Appendix Mare

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Name
Sweet
Breed
Appendix
Gender
Mare
Color
Bay
Temperament
3 (1 - calm; 10 - spirited)
Registry
NA
Reg Number
NA
Height
16.1 hh
Foal Date
January, 2006
Country
United States
Views/Searches
262/22,834
Ad Status
Available
Price
$6,000

Appendix Mare for Sale in Carrollton, GA

Located in Carrollton, GA Sweet is a 15 year old 16.1hh registered Appendix mare. She rides western, English and bareback. She has been shown in Western Pleasure and Showmanship in the Alabama Pleasure Association. For the past 4-5 years that we have owned her, she was used for play days and trail riding. She stands for vet and farrier. Loads good. Easy to catch. Never been bred. She does not rear, bite, kick or bolt. May buck if not ridden constantly, but it isn’t bad. She can be on the lazy side when it’s hot but will get up and go when asked. She side passes and will neck rein. She ties and stands to be washed. She does require front shoes due to having typical thoroughbred hooves! Reasonably easy to keep her weight up. She is currently on pasture without grain upon which she sta
... more»ys fat on. Only reason we are selling her is because of college. Overall, she would make for a good trail, family horse or even western/English pleasure horse.

About Carrollton, GA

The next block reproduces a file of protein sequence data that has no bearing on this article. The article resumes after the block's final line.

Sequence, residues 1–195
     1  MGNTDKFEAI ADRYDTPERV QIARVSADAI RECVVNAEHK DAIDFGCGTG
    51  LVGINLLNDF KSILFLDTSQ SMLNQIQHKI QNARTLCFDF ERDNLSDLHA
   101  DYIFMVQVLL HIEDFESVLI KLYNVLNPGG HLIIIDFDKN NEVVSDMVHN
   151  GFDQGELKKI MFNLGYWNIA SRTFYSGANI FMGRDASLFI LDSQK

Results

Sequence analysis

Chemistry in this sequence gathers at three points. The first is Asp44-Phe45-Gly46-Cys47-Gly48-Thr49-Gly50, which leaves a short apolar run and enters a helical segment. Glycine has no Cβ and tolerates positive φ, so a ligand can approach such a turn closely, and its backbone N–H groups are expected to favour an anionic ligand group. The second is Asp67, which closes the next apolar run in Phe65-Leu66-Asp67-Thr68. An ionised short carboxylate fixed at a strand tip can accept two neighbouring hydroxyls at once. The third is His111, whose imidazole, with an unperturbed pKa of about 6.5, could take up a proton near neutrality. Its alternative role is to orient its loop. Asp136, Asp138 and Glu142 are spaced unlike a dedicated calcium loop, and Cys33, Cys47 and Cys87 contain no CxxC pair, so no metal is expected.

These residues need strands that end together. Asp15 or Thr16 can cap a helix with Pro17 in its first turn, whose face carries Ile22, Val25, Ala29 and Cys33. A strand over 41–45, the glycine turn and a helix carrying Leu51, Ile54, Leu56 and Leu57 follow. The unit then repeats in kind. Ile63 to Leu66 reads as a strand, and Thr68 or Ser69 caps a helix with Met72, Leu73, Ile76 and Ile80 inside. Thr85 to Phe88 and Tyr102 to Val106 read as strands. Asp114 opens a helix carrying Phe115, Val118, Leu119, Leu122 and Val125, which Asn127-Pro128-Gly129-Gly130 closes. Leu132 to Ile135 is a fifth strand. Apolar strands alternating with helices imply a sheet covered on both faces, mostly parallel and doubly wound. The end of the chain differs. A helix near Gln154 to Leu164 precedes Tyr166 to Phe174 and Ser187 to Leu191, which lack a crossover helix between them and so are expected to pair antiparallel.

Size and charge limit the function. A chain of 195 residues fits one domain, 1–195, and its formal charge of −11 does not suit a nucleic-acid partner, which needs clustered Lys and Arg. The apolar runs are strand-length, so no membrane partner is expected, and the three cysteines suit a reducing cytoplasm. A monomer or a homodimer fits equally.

Carroll County, of which Carrollton is the county seat, was chartered in 1826, and was governed at the time by the Carroll Inferior Court, which consisted of five elected justices. In 1829, the justices voted to move the county seat from the site it occupied near the present community of Sandhill, to a new site about 8 miles (13 km) to the southwest. The original intention was to call the new county seat "Troupville", in honor of former governor George Troup, but Troup was not popular with the state government of the time, so the Georgia General Assembly incorporated the town as Carrollton, in December 1829. The name was in honor of Charles Carroll of Carrollton, the last living signer of the Declaration of Independence. In 1830, the town was surveyed and lots were laid out, with the central feature being the town square, which was later named Adamson Square, for local judge and congressman William C.

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